140. Ground-fires.


Jacob Bryant refers to the Saxon Chronicles, to Roger de Hoveden, Brompton, and Simon Dunelmensis for various accounts of fires breaking out from the earth in this country during 267various earthquakes, which occurred from the year 1032 to 1135, when the last eruption was recorded. “Fires” says Holinshed, “burst out of certain riffes of the earth, in so huge flames that neither by water nor otherwise it could be quenched.” Bryant would fain prove the impossible authenticity of Rowley’s poem by these phenomena, insisting that they are the gronfers which Chatterton interprets fires exhaled from a fen.

The ground-fire of 1048 is said to have burnt towns as well as fields of corn; villas et segetes multas ustulavit. Sim. Dun. This broke out in Derbyshire and the adjoining counties; but it is difficult if not impossible to conceive how any volcanic flames should have extended to towns, there being no mountain in eruption. The fiery vapour, whatever it may have been, seems more analogous to the sea-fire which extended so far into Spain.

In turning over a most worthless volume entitled Reflexions sur le Desastre 268de Lisbonne, an extract from Mezerai reminds me of what I have read in many old historians, that the pestilence which in the 14th century spread from the East over the whole of Europe, was believed to have been produced by a fiery vapour, horriblement puante, which issued from the earth in the province of Catag, in China, and consumed every thing within a circuit of two hundred leagues. I do not know to what authority this news from China is to be traced.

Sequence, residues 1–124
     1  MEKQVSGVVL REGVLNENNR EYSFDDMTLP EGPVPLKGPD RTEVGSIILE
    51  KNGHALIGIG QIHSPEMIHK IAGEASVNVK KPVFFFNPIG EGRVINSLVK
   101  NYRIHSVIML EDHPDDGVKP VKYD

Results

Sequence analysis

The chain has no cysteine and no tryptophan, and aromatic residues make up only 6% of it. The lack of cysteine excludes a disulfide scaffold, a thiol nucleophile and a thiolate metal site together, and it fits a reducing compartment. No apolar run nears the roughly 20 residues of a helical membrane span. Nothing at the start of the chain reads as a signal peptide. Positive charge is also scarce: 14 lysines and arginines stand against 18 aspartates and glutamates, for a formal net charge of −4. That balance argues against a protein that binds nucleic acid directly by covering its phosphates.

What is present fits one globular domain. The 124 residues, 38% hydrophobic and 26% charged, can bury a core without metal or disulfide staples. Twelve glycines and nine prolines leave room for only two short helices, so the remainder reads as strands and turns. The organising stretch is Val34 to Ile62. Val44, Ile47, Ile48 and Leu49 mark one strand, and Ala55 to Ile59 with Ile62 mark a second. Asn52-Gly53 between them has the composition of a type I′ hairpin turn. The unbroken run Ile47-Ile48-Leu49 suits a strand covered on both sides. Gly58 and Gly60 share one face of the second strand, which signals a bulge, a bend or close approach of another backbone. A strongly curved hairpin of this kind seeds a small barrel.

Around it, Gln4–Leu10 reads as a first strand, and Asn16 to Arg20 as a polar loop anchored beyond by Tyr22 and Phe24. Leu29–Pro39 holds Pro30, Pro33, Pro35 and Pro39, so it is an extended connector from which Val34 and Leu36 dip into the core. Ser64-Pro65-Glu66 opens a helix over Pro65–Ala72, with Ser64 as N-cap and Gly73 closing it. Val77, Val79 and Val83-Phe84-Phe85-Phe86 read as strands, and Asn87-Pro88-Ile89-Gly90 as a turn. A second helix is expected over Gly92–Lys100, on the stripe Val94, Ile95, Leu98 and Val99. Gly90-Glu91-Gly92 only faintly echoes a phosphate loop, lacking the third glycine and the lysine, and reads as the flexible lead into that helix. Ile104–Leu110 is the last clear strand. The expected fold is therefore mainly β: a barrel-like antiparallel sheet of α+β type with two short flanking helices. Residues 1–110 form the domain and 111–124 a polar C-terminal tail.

In 1802 a gentleman who is a native of Llantrissant in the county of Glamorganshire, was shooting upon the hills near that town; he had occasion to pass what appeared to him a patch of red mire, over which one step would have carried him; but having set his foot on it, it sunk; he fell and found his leg burnt through the boot so severely that he was confined many weeks by the wound. The place is remote from any path, but it was found upon enquiry 269that a few old persons knew that such a ground fire existed there, where it had been burning time out of mind. This is not related upon any doubtful authority. I heard the fact from the person to whom it happened. Some scientific traveller will do well to find out this singular spot, over which, if it were in their country, the Parsees would build a temple.


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